Resilience and Cyber Security of Integrated Cyber-Physical Energy Systems
RESCUE aims to develop advanced mathematical and computational foundations, methods, and technologies for incident response to protect utilities from state-sponsored cyber attacks and cyber secure the Control Room of the Future. It improves operational resilience of integrated cyber-physical energy systems to such threats by combining innovative technologies, incident response strategies and human factors, and by building trained human capital for grid operators to deal with the ever-growing cyber threats. This research considers both present and future developments up to 2030 in digitalisation of energy systems and cyber security threats.
In the context of digitalization, Information and Communication Technologies (ICTs) and Operational Technologies (OTs) are crucial for keeping the future operational energy systems manageable, resilient, and secure. The energy systems are increasingly dependent on ICT-OT networks for business operations and real-time monitoring and control of physical facilities. Utility ICT-OT systems have evolved from isolated, monolithic structures to open, networked environments. It is well recognised that they are vulnerable to cyber attacks. This raises some questions: What is the impact of the 2015-2016 cyber attacks conducted in Ukraine on the integrated Dutch energy system? How to mitigate such cyber attacks by combining innovative technologies, incident response strategies, and human factors and by building human capital? How to make the Cyber-Physical energy System (CPS) more secure and resilient to cyber threats?
In this project, an integrated CPS model and co-simulation platform will be developed. The multiple models in CPS capture the cross-sector coupling of the electrical power grid with gas, heat, water, and ICT-OT infrastructure systems, alignment between energy sector and ICT and telecommunications, and digitalization in operational energy systems. They are all combined in an integrative modelling framework based on which methods and tools are developed to assess and enhance the resilience and cyber security of future energy systems. Cyber attacks on Control Room of the Future are simulated at cyber layer and impact on energy system operation is analysed at the physical layer. Mathematical and computational foundations are proposed for incident response. This project combines the technological-engineering perspective of CPS resilience and cyber security with the analysis of how human factors contribute to incident response and cyber attack mitigation.
• To develop a digital twin for cyber resilience analysis, planning, and operation of integrated CPS. It allows the real-time simulation of cyber attacks at the cyber system layer and impact analysis at the physical layer in an integrated co-simulation environment.
• To enable the power system operators to assess and improve the grid operational resilience to cyber attacks and plan the cyber secure operation of integrated CPS.
• To develop operational technologies and strategies aiming at improving grid resilience.
• To develop incident response strategies based on security games combined with an Intrusion Detection and Prevention System (IDPS).
• To study the interaction between operators and technology in the Control Room of the Future.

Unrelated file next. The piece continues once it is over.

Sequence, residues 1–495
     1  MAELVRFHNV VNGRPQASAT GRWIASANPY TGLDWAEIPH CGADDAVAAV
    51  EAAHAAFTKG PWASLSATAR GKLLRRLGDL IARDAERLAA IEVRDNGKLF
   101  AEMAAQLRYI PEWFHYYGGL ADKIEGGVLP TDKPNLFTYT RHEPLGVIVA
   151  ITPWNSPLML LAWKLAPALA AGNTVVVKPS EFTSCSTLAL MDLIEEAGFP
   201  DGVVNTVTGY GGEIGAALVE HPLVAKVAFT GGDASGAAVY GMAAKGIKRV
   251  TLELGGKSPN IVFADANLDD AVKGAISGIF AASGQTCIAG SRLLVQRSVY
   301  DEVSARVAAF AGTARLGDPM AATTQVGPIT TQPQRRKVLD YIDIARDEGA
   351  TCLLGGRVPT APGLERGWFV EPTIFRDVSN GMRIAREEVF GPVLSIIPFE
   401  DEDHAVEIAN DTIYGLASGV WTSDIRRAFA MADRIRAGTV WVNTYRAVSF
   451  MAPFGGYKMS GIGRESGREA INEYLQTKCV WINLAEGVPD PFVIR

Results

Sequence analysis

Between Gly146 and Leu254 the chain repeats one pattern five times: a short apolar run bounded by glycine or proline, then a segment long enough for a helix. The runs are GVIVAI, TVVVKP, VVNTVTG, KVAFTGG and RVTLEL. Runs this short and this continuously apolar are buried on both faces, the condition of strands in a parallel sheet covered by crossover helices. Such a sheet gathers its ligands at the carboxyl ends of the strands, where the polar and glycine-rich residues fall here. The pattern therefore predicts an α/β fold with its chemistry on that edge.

• To facilitate an effective system operator response to incidents.
• To build a demonstration and training facility based on a cyber range in CRoF and real-time digital twin.
• To develop open-source technologies that are demonstrated and transferred to end users in industry, i.e., utilities, through vendors and consultants.
• To develop joint training for control room operators and cyber security workforce at TSOs and DSOs.
Delft University of Technology, Centrum Wiskunde & Informatica (CWI), Netherlands eScience Center (NLeSC), Siemens Netherlands N.V., TenneT TSO BV, DNV Netherlands BV, European Network for Cyber Security Cooperatief UA
I. (Ioannis) Semertzis
Ioannis Semertzis joined the Intelligent Electrical Power Grids group as a doctoral student in November 2021. He received his Diploma in Electrical and Computer Engineering from Democritus University of Thrace, Greece in 2019 and his MSc. in Electrical Power Engineering from TU Delft in 2021. During his master thesis in TU Delft, he proposed a quantitative risk assessment methodology, for assessing the likelihood and impact of cyber attacks on cyber-physical energy systems. His areas of interest are cyber-physical energy systems, digital twins, and cyber security for critical infrastructure.
S. (Sho) Cremers
Sho Cremers got his BSc. in artificial intelligence from the university of Groningen in 2019. He also got his MSc. in computer science with artificial intelligence technology track from TU Delft in 2022. He is a guest PhD researcher at TU Delft since September 2022 working on the “Resilience and cyber security of integrated cyber-physical energy systems (RESCUE)” project. His current research interests include cybersecurity of power grid with a focus on incident response, game theory, and multi-agent systems.
R. (Ronak) Shah
Ronak Shah began his doctoral studies in January 2023. His research focuses on the human factors of cybersecurity in critical infrastructure, especially the PowerGrid. He is a certified Design thinker with a background in information technology and digital transformation. He examines how social and technical factors interact in the context of cyber physical systems and how human intelligence can be effectively utilized to detect and respond to cyber threats.